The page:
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Friday, October 20, 2017

Fantasy Buzz: Postmodern Mythological Romp

by badmojoe78 (writer), San Antonio, Texas, October 15, 2010

Credit: Creative Commons
This is a bad land for gods.

In Neil Gaiman's novel, American Gods, battle lines are drawn as the gods of ancient mythology square-off against a new generation of gods, spawned from modern society. Who will win?

Shadow just got out of jail. That would be great, except he just found out his wife is dead, killed in a car accident. As he flies home to bury his wife, Shadow meets a strange man with a glass eye who offers him a job. Realizing that his happily ever after has been indefinitely postponed, Shadow takes the job, and his life changes forever. Soon he is rubbing elbows with the gods of ancient mythology, brought to these shores by their worshipers in days long forgotten. They are still here, most of them, and they are not alone. Since the idea of worship can take many forms, new gods have appeared, distinctly American gods like Television, the Internet, and Technology. A battle is on the horizon, and Shadow suddenly finds himself smack in the middle of it all.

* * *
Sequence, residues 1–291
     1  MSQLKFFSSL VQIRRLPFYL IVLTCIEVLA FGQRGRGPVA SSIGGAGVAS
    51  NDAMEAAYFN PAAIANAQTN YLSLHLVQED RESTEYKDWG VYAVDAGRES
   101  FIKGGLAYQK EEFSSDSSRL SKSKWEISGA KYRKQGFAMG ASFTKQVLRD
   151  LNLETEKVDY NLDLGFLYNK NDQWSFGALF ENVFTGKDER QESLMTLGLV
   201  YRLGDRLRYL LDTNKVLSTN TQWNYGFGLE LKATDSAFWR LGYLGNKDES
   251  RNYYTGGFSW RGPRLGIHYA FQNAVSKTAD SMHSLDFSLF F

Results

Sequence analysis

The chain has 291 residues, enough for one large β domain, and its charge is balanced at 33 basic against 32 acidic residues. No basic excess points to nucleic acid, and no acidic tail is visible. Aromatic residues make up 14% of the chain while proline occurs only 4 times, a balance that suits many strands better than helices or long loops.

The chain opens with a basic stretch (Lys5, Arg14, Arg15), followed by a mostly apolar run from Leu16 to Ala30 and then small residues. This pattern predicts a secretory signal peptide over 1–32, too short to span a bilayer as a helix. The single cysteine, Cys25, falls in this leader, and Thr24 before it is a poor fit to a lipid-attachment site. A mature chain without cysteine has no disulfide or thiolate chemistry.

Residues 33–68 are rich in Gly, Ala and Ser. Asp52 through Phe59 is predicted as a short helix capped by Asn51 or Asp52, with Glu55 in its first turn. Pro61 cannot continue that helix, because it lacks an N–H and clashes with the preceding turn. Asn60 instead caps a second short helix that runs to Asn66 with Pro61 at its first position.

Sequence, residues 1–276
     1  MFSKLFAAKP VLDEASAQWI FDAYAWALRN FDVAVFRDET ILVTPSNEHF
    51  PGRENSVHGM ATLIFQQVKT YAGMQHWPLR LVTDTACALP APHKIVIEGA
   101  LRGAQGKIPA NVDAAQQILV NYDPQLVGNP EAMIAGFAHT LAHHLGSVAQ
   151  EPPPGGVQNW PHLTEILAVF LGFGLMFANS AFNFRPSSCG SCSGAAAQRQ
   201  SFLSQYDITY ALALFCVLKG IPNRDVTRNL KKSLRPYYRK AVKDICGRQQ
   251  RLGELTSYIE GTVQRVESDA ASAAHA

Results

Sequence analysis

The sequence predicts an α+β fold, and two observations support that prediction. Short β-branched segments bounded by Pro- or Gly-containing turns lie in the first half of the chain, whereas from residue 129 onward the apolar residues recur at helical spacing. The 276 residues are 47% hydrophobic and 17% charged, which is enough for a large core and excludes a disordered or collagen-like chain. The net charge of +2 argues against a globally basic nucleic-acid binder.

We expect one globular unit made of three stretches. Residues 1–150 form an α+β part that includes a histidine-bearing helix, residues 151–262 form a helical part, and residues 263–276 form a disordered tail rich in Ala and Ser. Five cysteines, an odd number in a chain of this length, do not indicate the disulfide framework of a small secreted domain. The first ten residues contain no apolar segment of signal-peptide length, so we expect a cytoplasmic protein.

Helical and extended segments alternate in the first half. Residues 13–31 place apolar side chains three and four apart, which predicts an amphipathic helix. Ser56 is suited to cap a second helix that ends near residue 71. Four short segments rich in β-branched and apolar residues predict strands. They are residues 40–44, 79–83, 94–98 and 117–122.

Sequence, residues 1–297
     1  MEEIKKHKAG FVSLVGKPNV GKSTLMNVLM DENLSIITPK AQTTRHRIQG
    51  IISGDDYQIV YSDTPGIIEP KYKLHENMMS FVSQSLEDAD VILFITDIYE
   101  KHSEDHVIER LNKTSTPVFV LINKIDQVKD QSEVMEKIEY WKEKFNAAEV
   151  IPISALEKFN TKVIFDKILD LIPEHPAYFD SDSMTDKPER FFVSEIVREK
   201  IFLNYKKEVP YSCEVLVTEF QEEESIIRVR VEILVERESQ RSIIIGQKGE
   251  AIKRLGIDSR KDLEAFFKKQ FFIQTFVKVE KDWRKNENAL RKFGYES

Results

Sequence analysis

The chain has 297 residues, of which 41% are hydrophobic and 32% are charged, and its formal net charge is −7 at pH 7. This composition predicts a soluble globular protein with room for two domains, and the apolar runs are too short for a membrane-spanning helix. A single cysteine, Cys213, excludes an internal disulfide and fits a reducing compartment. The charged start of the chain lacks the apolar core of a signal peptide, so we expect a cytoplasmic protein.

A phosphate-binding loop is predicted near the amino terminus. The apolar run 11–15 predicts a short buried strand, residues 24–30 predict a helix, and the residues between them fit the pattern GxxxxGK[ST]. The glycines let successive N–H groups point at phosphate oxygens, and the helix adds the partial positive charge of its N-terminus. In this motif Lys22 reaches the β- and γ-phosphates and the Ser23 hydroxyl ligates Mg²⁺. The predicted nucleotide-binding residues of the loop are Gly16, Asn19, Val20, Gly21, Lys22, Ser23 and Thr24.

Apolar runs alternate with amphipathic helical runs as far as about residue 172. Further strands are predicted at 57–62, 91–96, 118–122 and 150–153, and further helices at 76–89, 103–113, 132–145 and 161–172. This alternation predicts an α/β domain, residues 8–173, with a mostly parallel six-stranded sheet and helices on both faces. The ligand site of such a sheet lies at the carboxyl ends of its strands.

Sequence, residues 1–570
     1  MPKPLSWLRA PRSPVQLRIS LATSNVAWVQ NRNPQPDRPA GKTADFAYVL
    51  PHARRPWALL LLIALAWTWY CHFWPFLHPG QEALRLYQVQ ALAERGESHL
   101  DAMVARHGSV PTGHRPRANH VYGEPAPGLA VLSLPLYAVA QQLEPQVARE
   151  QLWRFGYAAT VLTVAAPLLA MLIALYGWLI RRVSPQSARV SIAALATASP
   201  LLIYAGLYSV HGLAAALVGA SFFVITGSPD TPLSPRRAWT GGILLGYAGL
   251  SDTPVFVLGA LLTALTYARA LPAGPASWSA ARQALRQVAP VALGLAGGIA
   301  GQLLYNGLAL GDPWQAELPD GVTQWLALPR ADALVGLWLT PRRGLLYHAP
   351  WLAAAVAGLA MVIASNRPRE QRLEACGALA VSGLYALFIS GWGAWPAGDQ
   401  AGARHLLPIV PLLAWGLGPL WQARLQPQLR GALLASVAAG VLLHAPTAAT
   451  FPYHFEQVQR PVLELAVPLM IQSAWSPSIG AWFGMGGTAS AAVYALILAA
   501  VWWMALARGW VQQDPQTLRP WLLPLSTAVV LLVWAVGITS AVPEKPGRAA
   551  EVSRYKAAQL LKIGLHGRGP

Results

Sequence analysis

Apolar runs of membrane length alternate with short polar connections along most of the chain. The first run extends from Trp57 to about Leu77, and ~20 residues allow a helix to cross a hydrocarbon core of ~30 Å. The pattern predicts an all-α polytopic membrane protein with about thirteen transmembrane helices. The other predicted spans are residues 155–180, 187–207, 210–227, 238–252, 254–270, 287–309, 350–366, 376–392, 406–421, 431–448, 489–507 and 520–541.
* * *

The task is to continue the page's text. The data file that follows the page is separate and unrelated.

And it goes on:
Neil Gaiman's American Gods is a very fascinating book. It is interesting to note that the gods themselves, what we would think of as supremely powerful beings, have been reduced to the level of a mere mortal. Though people once bowed down to them and worshiped them, these very same gods must now get a job and make ends meet just like everyone else. It almost seems like modern society has taken what once made these beings special and cast it aside as irrelevant, revealing that they are not really so powerful after all. The result is at once absurd and pitiful. Odin, the king of the Norse gods, now a conman and drifter. The Leprechaun, fairy of Irish folklore, is just a drunk and a drug addict. Horus, the Egyptian god, prefers spending his days as a falcon eating roadkill rather than face reality. And Thor, Norse god of lighting? He shot himself out of despair.

This sounds really dark, and I suppose the book is in some ways. But it is also a hell of a lot of fun. Trying to figure out which mythological figure is represented by each new character is very diverting. If you decide to give it a try, make sure to have your mobile device close by with Google search loaded and ready. Overall this is a very enjoyable book that will refuse to let you put it down. Gaiman's postmodern outlook on the gods in modern society is more than a little depressing, but the story in itself is worthwhile. Shadow is a very compelling character and, by the end of the book, you will definitely care about what happens to him. Treat yourself to American Gods. It is more than worth it.



About the Writer

badmojoe78 is a writer for BrooWaha. For more information, visit the writer's website.
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